time_t timestamp = time(&timestamp);
struct tm datetime = *localtime(&timestamp);

cout << datetime.tm_hour;
Try it Yourself »

Display Dates

So far we have been using the ctime() function to display the date contained in a timestamp. To display dates from a datetime structure we can use the asctime() function.


Display the date represented by a datetime structure:

time_t timestamp = time(NULL);
struct tm datetime = *localtime(&timestamp);

cout << asctime(&datetime);
Try it Yourself »

Note: The asctime() function does not correct invalid dates. For example, if you set the day of the month to 32 it will display 32. The mktime() function can correct these kinds of errors:


Correct a date before displaying it:

// Create the datetime structure and use mktime to correct mistakes
struct tm datetime;
datetime.tm_year = 2022 - 1900; // Number of years since 1900
datetime.tm_mon = 0; // 0 is January
datetime.tm_mday = 32;
datetime.tm_hour = 0; datetime.tm_min = 0; datetime.tm_sec = 0;
datetime.tm_isdst = -1;

cout << asctime(&datetime);
Try it Yourself »

The ctime() and asctime() functions allow us to display the date but they do not allow us to choose how it is displayed.

To choose how a date is displayed we can use the strftime() function.


Represent the current date in different ways:

time_t timestamp = time(NULL);
struct tm datetime = *localtime(&timestamp);

char output[50];

strftime(output, 50, "%B %e, %Y", &datetime);
cout << output << "\n";

strftime(output, 50, "%I:%M:%S %p", &datetime);
cout << output << "\n";

strftime(output, 50, "%m/%d/%y", &datetime);
cout << output << "\n";

strftime(output, 50, "%a %b %e %H:%M:%S %Y", &datetime);
cout << output << "\n";
Try it Yourself »

The strftime() function formats a date and writes it as a C-style string into a char array. It has four parameters:

  1. The first parameter points to the char array where the formatted date will be written.
  2. The second parameter specifies the space available in the array.
  3. The third parameter allows us to choose how the date is formatted using format specifiers.
  4. The last parameter is a pointer to the datetime structure which contains the date we want to display.

The following table has some useful format specifiers. For a more complete list, look at the strftime() reference page.

Format Specifier Description Example
%a Short representation of the weekday Fri
%b Short representation of the month name Dec
%B Full representation of the month name December
%d Day of the month with leading zero 09
%e Day of the month with leading spaces  9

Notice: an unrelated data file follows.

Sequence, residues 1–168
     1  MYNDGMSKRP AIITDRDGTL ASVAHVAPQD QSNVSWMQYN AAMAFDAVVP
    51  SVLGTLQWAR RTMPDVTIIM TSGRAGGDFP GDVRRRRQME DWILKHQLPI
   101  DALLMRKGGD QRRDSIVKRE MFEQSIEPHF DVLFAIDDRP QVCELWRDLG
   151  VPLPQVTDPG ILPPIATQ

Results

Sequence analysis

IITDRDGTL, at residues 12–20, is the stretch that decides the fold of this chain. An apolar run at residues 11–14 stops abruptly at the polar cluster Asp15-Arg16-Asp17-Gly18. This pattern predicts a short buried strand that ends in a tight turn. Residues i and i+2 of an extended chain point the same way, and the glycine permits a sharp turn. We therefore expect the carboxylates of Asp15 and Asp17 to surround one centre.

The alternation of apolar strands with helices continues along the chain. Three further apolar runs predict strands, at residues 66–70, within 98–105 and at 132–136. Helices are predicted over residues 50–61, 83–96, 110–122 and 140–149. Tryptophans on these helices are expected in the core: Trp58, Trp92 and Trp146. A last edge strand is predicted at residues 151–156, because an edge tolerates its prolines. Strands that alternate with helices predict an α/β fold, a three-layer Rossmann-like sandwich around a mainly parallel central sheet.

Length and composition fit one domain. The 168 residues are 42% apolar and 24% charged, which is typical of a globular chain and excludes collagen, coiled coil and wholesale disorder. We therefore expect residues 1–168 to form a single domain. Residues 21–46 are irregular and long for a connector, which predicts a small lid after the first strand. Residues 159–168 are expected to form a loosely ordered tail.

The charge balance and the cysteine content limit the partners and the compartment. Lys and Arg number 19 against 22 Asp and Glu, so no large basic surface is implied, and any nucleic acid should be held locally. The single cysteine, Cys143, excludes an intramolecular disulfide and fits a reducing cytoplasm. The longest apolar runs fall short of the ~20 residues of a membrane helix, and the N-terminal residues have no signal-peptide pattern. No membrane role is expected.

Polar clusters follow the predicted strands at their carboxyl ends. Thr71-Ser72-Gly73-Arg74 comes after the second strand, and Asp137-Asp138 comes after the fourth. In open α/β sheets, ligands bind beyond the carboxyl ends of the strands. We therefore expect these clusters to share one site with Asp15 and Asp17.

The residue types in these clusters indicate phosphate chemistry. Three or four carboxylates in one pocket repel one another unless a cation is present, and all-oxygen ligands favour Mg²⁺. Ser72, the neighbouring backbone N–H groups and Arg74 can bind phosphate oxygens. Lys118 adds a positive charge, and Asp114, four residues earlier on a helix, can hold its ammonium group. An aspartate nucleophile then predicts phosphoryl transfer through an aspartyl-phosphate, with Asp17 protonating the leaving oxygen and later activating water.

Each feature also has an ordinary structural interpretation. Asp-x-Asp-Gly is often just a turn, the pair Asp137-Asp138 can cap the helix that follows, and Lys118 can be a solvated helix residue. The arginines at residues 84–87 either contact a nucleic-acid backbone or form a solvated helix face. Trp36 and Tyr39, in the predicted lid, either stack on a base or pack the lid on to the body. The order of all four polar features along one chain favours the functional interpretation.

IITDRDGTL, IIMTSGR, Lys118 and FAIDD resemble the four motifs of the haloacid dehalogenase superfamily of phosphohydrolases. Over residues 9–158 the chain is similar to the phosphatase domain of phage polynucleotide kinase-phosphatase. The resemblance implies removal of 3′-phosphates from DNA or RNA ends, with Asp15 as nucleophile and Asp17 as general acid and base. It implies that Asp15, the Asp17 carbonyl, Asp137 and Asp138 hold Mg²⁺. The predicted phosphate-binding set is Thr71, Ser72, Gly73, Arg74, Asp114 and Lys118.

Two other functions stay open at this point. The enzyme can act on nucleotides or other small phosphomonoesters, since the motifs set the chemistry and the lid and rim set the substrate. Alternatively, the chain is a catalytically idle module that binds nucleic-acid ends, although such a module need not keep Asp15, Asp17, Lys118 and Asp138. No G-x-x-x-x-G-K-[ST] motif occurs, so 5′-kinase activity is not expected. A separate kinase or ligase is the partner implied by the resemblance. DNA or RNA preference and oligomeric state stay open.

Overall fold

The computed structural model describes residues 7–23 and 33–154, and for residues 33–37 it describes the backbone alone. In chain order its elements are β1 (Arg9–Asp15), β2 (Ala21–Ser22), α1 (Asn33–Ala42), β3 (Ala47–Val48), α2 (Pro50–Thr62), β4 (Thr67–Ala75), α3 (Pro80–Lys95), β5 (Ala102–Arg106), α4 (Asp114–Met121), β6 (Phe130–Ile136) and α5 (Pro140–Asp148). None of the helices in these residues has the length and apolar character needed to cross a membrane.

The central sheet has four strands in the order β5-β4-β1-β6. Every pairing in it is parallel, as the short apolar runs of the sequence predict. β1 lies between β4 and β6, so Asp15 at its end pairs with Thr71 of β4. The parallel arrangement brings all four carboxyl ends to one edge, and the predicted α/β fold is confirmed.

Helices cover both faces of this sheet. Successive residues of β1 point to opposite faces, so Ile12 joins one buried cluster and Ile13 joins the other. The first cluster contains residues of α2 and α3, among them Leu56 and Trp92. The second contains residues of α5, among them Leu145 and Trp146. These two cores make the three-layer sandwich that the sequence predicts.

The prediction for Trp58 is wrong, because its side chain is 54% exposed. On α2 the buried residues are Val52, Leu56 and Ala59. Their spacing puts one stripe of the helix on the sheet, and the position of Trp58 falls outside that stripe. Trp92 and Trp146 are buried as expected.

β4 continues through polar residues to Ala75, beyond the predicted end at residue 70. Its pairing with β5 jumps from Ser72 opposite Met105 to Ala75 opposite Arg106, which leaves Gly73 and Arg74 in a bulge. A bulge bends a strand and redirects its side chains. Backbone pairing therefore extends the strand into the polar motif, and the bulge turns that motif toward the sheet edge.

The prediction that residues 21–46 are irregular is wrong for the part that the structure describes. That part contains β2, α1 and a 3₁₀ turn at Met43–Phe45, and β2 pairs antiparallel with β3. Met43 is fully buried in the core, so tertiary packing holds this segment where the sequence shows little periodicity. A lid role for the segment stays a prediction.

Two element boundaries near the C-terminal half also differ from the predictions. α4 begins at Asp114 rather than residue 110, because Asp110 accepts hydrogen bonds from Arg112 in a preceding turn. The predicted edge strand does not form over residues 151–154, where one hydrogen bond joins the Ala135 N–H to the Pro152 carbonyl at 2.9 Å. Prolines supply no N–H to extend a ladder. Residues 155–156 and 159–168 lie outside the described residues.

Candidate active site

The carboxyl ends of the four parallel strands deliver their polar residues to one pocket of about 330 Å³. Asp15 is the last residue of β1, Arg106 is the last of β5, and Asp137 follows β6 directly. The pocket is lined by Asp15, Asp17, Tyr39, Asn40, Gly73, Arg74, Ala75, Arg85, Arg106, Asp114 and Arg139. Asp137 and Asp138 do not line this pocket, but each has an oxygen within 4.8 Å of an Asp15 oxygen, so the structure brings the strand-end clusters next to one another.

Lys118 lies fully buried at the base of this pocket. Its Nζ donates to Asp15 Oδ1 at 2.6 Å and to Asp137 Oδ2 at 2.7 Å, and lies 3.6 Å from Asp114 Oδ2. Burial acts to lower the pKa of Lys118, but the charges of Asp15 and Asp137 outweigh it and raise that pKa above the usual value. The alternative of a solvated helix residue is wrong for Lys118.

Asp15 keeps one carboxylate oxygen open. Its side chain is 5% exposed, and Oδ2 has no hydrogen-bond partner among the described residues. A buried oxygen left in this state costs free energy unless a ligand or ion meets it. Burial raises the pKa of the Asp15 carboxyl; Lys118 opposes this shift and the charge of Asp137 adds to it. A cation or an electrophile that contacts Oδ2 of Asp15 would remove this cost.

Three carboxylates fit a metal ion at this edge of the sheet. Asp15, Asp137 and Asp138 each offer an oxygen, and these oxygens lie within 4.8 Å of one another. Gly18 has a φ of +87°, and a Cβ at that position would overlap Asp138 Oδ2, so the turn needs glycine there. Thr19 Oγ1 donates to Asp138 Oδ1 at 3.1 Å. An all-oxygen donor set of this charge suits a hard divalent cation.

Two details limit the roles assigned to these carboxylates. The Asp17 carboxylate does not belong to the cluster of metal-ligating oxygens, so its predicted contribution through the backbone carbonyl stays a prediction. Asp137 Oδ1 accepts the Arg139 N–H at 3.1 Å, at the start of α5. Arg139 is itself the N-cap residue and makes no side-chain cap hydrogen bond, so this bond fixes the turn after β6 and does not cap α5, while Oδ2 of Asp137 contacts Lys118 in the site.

%H 24-hour format of an hour 14
%I 12-hour format of an hour 02
%M Minutes within an hour 30
%p AM or PM PM
%S Seconds within a minute 01
%y 2-digit year representation 23
%Y 4-digit year representation 2023

Measuring Time

There are two different functions that can be used to measure differences in time.

The difftime() function measures the number of seconds that passed between two different time stamps. This is useful when measuring time differences between dates.


Measure the time difference between two timestamps

time_t now;
time_t nextyear;
struct tm datetime;

now = time(NULL);
datetime = *localtime(&now);
datetime.tm_year = datetime.tm_year + 1;
datetime.tm_mon = 0;
datetime.tm_mday = 1;
datetime.tm_hour = 0; datetime.tm_min = 0; datetime.tm_sec = 0;
datetime.is_dst = -1;
nextyear = mktime(&datetime);

int diff = difftime(nextyear, now);

cout << diff << " seconds until next year";
Try it Yourself »

The clock() function is useful for measuring short intervals of time while the program is running. It is more precise than the difftime() function.

Each call to the clock function returns a special kind of timestamp measured in clocks (a unit of time that depends on how the library was implemented) which has a data type clock_t. To measure a time difference, store a timestamp at two different moments in time and then subtract them. The time difference is measured in clocks, but you can convert it into seconds by dividing it by the CLOCKS_PER_SEC constant.


Measure how long it takes for the program to run:

clock_t before = clock();
int k = 0;
for(int i = 0; i < 100000; i++) {
  k += i;
clock_t duration = clock() - before;
cout << "Duration: " << (float)duration / CLOCKS_PER_SEC << " seconds";
Try it Yourself »

Note: Make sure to cast the value to a float or double type before dividing, otherwise it may result in an integer division which would cause the decimal part to be cut off.

Complete <ctime> Reference

For a complete reference of <ctime> functions, go to our C++ ctime Reference.